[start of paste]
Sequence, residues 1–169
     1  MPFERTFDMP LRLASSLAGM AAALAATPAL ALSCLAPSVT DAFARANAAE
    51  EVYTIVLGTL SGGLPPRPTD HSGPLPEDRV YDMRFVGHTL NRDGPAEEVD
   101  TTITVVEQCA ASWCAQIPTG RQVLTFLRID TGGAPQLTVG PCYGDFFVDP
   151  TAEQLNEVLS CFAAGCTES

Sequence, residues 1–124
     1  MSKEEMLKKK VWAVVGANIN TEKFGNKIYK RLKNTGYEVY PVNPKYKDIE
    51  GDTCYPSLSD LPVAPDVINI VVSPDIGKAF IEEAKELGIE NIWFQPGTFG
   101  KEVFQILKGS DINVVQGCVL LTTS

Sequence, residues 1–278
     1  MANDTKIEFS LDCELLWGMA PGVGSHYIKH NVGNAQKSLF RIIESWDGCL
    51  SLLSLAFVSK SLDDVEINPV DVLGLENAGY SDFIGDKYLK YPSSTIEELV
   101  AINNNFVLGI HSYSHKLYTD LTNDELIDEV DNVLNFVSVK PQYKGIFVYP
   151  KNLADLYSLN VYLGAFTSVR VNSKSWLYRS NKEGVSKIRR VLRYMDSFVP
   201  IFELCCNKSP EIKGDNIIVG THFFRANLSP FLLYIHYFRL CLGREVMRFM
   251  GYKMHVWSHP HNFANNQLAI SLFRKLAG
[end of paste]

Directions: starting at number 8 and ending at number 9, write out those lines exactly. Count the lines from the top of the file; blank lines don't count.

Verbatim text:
    51  GDTCYPSLSD LPVAPDVINI VVSPDIGKAF IEEAKELGIE NIWFQPGTFG
   101  KEVFQILKGS DINVVQGCVL LTTS